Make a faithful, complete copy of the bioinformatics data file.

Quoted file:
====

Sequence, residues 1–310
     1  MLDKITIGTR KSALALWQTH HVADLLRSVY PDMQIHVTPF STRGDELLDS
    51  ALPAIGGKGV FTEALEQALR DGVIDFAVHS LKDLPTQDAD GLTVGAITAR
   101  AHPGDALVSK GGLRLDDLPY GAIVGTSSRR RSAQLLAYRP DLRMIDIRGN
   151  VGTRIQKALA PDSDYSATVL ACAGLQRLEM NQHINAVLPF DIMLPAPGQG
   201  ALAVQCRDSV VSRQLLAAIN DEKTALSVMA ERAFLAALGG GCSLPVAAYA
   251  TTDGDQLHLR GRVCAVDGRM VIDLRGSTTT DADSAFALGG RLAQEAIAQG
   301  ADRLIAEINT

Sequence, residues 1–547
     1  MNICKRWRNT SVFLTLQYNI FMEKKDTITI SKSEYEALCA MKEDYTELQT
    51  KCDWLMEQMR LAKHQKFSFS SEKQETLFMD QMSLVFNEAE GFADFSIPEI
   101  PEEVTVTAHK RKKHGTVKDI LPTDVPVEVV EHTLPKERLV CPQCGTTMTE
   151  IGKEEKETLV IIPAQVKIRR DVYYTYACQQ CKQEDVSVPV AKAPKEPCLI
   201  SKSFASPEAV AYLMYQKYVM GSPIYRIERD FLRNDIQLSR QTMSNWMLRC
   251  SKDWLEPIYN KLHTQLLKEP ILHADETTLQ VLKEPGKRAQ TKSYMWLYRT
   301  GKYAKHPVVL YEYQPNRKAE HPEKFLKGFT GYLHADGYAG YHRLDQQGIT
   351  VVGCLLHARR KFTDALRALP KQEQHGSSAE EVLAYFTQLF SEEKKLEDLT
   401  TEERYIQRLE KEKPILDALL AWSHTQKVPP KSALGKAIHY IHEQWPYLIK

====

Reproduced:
Sequence, residues 1–310
     1  MLDKITIGTR KSALALWQTH HVADLLRSVY PDMQIHVTPF STRGDELLDS
    51  ALPAIGGKGV FTEALEQALR DGVIDFAVHS LKDLPTQDAD GLTVGAITAR
   101  AHPGDALVSK GGLRLDDLPY GAIVGTSSRR RSAQLLAYRP DLRMIDIRGN
   151  VGTRIQKALA PDSDYSATVL ACAGLQRLEM NQHINAVLPF DIMLPAPGQG
   201  ALAVQCRDSV VSRQLLAAIN DEKTALSVMA ERAFLAALGG GCSLPVAAYA
   251  TTDGDQLHLR GRVCAVDGRM VIDLRGSTTT DADSAFALGG RLAQEAIAQG
   301  ADRLIAEINT

Sequence, residues 1–547
     1  MNICKRWRNT SVFLTLQYNI FMEKKDTITI SKSEYEALCA MKEDYTELQT
    51  KCDWLMEQMR LAKHQKFSFS SEKQETLFMD QMSLVFNEAE GFADFSIPEI
   101  PEEVTVTAHK RKKHGTVKDI LPTDVPVEVV EHTLPKERLV CPQCGTTMTE
   151  IGKEEKETLV IIPAQVKIRR DVYYTYACQQ CKQEDVSVPV AKAPKEPCLI
   201  SKSFASPEAV AYLMYQKYVM GSPIYRIERD FLRNDIQLSR QTMSNWMLRC
   251  SKDWLEPIYN KLHTQLLKEP ILHADETTLQ VLKEPGKRAQ TKSYMWLYRT
   301  GKYAKHPVVL YEYQPNRKAE HPEKFLKGFT GYLHADGYAG YHRLDQQGIT
   351  VVGCLLHARR KFTDALRALP KQEQHGSSAE EVLAYFTQLF SEEKKLEDLT
   401  TEERYIQRLE KEKPILDALL AWSHTQKVPP KSALGKAIHY IHEQWPYLIK